For many borrowers, that optimal point in time comes 12 to 18 months prior to loan maturity. Still others employ alternative strategies, such as a forward loan rate lock to reduce or eliminate prepayment costs, or a sale with assumption of the debt as a way to avoid defeasance. Also, the prepaid interest component of defeasance may be tax deductible, something borrowers should discuss with their tax professional as a part of an overall portfolio strategy. Ultimately, deferring a refinance in a rising rate environment means borrowers this year could lose out by waiting until 2017 or 2018 to refinance.
Reducing Defeasance Costs
When financing a property with CMBS debt, borrowers should attempt to negotiate several favorable defeasance provisions. For example, they should define defeasance collateral to include not only U.S. Treasuries but also other agency securities that may have a higher yield. They should seek the right to designate the successor borrower. If possible, they should secure the right to loan defeasance only through the start of an open period as opposed to through maturity. Also they should ask for the rights to deliver securities instead of cash to the lender for their purchase, cap servicer defeasance fees, and choose between defeasance and yield maintenance.
Defeasance can be a powerful tool in today’s low interest rate market. While the defeasance cost will decrease over time to zero, rising interest rates will make new debt more expensive and reduce cash flow after debt service. Using an experienced mortgage broker who works with a qualified defeasance intermediary can help to take advantage of the available refinance opportunities.
Does Defeasance Make Sense?
The decision to use defeasance to refinance depends on several factors, but the financial analysis aspect is relatively straightforward. For example, in 2007, Colliers originated a $12 million loan with a term of 10 years, an amortization of 30 years, and an interest rate of 5.75 percent. The annual debt service was approximately $840,000, with a remaining loan balance of approximately $10,350,000 at the time of refinancing, 8.5 years into the loan term. Defeasance and refinancing transactions costs totaled slightly more than $950,000.
Colliers obtained competitive bids for a new loan sized to 100 percent of refinancing costs, and recommended a nonrecourse option with a 10-year fixed rate of 4.50 percent, amortized over 30 years and new annual debt service of approximately $690,000. This resulted in an increase in pre-tax net cash flow of $150,000 to the borrower. Additionally, the client’s tax professional advised that a significant portion of the defeasance costs and transactions fees would provide valuable tax benefits to the client. Between the reduction in debt service and the value of tax deductions, the time to recoup cost was relatively short. Moreover, given that the borrower could refinance to a lower rate with no cash out of pocket and eliminate both refinance risk in 18 months and interest rate risk for 10 years, defeasance and refinancing made sense.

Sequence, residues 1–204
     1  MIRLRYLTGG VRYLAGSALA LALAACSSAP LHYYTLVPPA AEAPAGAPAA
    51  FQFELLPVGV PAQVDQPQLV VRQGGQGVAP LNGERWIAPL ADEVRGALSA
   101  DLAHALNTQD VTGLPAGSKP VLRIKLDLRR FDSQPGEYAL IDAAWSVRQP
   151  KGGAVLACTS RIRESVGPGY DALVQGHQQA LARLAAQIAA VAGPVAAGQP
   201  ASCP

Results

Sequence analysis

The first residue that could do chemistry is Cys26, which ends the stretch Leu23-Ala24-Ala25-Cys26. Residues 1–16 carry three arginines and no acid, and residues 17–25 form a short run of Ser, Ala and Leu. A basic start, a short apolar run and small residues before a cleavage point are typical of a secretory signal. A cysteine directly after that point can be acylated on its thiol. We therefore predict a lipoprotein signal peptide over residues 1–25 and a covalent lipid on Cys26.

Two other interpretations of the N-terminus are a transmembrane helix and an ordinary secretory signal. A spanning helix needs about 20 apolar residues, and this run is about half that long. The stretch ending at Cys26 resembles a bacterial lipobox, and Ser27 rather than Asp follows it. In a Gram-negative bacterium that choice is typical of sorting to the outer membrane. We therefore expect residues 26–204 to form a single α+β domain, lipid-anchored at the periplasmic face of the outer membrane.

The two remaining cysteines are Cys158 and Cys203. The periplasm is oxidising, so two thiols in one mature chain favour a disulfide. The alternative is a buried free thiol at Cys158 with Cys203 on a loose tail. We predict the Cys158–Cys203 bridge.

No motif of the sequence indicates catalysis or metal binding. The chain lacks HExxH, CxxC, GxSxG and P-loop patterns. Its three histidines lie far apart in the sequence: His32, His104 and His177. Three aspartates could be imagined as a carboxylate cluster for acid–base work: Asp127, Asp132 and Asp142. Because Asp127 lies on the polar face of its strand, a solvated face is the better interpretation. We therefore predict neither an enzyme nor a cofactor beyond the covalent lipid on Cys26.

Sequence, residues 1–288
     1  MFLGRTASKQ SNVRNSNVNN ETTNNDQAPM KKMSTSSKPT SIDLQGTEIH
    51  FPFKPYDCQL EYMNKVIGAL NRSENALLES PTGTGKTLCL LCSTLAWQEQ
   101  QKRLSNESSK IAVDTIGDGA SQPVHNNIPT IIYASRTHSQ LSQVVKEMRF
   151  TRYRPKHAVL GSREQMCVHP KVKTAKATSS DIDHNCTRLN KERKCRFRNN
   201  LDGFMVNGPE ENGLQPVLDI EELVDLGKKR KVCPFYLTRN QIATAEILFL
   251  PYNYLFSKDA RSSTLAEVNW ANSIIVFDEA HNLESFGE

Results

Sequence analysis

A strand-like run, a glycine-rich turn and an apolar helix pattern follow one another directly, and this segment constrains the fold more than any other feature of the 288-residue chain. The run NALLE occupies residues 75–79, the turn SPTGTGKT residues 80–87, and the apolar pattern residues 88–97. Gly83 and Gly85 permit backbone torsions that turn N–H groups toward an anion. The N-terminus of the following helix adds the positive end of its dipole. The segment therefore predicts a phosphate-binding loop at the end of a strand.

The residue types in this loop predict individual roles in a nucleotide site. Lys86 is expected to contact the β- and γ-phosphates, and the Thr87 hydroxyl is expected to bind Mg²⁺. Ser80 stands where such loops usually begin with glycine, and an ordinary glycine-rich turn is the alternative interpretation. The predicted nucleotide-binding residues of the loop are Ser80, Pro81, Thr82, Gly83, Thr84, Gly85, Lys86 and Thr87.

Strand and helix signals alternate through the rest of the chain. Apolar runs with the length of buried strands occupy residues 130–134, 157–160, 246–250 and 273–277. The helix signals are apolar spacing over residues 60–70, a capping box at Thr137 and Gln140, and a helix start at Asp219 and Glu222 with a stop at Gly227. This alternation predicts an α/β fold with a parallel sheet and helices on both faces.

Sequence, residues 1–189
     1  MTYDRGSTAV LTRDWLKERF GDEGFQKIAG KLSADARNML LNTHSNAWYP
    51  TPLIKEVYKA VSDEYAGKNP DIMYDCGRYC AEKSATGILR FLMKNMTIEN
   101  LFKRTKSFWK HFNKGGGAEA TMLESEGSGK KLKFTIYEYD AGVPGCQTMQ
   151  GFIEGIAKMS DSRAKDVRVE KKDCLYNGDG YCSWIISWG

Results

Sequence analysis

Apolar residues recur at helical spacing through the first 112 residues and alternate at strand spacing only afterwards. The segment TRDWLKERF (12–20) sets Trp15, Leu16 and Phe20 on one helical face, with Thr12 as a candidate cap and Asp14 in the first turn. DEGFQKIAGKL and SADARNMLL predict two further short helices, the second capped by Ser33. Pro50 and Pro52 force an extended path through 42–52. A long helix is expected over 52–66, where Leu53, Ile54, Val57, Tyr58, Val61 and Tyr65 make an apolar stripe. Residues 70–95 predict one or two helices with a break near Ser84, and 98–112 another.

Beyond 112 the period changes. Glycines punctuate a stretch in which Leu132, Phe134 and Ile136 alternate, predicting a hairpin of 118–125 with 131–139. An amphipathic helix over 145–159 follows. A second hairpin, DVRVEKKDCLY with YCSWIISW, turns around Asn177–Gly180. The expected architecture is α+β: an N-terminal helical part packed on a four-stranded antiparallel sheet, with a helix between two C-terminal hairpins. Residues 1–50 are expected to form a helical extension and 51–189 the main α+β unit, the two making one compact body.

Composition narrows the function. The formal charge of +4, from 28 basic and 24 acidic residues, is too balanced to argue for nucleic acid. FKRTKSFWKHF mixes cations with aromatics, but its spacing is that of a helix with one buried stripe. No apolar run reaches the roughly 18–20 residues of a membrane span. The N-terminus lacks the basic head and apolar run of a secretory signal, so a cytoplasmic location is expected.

Sometimes defeasance is not feasible. A loan may be locked out from prepayment, deals with longer remaining terms may be simply too expensive to refinance.
On the other hand, borrowers often choose to defer defeasance for loans with less than 12 months remaining until the open period or maturity. In this scenario, Colliers has used forward rate commitments with insurance companies and banks to rate lock for up to 12 months in advance of refinancing to significantly reduce defeasance costs or eliminate them altogether.
In summary, borrowers who have loans with defeasance provisions should have a qualified party model defeasance based on the specific loan document provisions now. Even if it is not feasible to use loan defeasance now, borrowers should request periodic real-time updates of the defeasance cost. If borrowers are 12 to 24 months from maturity or open prepayment period, they are likely close to the sweet spot for refinancing to a lower rate. Such preparation now will better position borrowers to move quickly when they determine the time is right.
Thomas Welch is senior vice president at Colliers International in Boston. Contact him at Thomas.Welch@colliers.com.
John Poole is an associate of the capital markets team at Colliers International in Boston. Contact him at John.Poole@colliers.com.